As an example, toolroom manager Rich Wiess describes a die that the Wiegel toolroom built in 2008 for another stamper/customer. The 90-in.-long die comprises 18 stations and runs plated copper-alloy components for electrical circuit boards that go into automotive transmissions. When the customer began to struggle with quality and on-time delivery, Wiegel took the die back, added some proprietary technology and saw immediate returns —uptime was increased by 35 to 40 percent, due to improvements such as changing the tool coating and engineering new features to better contain slugs.

“Each month, we look at all of our active jobs and identify five sets of tools to focus on,” says Wiess. “We investigate all sorts of options to retrofit new features to the tools, to increase their efficiency.”

“This is a key benefit to maintaining an inhouse state-of-the-art toolroom,” adds Aaron Wiegel, company vice president. “We can conduct research and development projects and realize huge gains in productivity. If a press goes down for die maintenance, we need our toolroom to get us back up and running in 24 hr. or less. In addition, some of the design enhancements we have made to our dies are truly unique —I’ve never seen some of these enhancements outside of our shop. So, we can keep that intellectual property inhouse, incorporate it into new tools—for us and for our key customers—and also retrofit the technology into existing tools. Turnaround and technology are the keys.”

Hard Milling, Automated EDM

Wiess and his crew boast that “there’s nothing we can’t make here,” noting most importantly its investments made a few years ago in hard milling. Before hard milling, the toolroom would machine die steels soft and send components out for heattreat.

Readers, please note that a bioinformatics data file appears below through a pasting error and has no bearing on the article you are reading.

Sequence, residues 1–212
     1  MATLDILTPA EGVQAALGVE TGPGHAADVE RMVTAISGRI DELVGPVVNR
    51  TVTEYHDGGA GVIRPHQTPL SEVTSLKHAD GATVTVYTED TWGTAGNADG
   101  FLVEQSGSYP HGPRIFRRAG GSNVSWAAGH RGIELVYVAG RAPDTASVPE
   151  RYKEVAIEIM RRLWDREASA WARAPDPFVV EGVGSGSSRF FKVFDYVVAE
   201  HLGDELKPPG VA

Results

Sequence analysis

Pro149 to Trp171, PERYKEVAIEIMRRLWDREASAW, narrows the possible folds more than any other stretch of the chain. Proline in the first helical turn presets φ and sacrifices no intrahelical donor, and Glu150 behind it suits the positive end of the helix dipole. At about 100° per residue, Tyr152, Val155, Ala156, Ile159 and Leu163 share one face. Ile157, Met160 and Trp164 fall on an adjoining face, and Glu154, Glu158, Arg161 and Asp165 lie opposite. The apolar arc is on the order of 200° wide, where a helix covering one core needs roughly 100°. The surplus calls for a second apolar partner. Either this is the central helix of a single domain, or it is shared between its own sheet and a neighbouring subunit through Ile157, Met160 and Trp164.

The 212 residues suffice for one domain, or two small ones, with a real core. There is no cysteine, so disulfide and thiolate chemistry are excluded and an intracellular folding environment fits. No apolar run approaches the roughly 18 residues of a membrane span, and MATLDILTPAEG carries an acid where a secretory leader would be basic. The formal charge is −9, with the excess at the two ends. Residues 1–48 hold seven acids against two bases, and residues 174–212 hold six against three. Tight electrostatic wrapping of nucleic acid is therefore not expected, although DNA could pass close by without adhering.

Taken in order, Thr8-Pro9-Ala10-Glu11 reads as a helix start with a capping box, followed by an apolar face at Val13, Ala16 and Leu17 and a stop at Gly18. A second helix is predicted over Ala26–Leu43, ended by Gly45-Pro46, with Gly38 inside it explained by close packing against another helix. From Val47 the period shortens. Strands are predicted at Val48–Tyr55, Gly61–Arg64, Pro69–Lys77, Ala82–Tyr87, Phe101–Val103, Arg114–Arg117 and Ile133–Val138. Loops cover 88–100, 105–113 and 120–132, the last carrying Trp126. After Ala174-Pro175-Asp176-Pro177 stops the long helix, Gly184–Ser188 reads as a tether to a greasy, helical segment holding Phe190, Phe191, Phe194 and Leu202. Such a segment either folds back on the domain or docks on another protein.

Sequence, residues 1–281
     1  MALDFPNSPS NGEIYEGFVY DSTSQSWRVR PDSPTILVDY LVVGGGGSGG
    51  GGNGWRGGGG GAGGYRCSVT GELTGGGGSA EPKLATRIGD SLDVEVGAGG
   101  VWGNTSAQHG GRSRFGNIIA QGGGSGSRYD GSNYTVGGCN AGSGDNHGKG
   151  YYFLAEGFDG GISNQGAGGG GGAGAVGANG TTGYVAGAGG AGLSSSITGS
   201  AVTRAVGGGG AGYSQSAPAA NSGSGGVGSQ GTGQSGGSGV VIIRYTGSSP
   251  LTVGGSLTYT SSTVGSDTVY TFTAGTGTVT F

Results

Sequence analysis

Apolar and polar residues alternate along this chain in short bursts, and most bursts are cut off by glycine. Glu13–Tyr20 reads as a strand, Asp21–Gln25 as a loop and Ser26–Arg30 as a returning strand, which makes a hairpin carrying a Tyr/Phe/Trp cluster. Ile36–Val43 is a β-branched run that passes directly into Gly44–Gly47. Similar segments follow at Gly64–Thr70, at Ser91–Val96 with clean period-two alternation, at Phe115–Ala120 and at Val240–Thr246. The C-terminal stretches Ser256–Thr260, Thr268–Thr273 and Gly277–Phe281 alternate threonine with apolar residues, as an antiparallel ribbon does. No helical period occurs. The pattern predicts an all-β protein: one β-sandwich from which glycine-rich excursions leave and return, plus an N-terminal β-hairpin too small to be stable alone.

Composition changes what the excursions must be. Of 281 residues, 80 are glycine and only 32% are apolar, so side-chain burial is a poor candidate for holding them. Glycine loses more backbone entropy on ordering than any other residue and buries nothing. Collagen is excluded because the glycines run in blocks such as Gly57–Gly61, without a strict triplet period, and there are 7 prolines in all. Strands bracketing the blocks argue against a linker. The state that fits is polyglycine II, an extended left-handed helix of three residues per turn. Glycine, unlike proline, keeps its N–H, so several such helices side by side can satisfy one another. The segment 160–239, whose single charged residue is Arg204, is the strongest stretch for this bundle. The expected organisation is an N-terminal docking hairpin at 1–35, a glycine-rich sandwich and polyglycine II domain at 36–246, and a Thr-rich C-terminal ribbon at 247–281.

“Again, our biggest cost here is downtime in the pressroom,” Wiegel reiterates, noting that the toolroom doesn’t generate much profit, if any. But, its level of performance sure can make a difference in pressroom productivity and profitability. Inserts that might have once taken two or three days to pre-machine, heattreat and wire-EDM now are hard-milled, tapped and wire-cut in an hour or two.

The Wiegel toolroom performs hard milling primarily for new dies—punch plates and strippers, for example. Describing the benefits of hard milling, Wiess points to the process of counterboring for pilot holes as an example.


 
The Wiegel toolroom performs hard milling primarily for new dies—punch plates and strippers, for example. Inserts that might have once taken two or three days to premachine, heattreat and wire-EDM now are hard-milled, tapped and wire-cut in an hour or two.

“Before, the dimensions of the counterbores in a block would vary depending on how much the block bowed during heattreating,” says Wiess. “Then we’d put the pilots in and grind the heads, and have to mark the pilots so that they would go back in the same counterbore. Now, with hard milling, the counterbores are identical, which allows us to place inserts in any position in the tool. Also, if we make any die changes—adding stripper inserts, for example—we can hard-mill that out, add a few tapped holes, make the separate stripper insert and install it into the stripper.”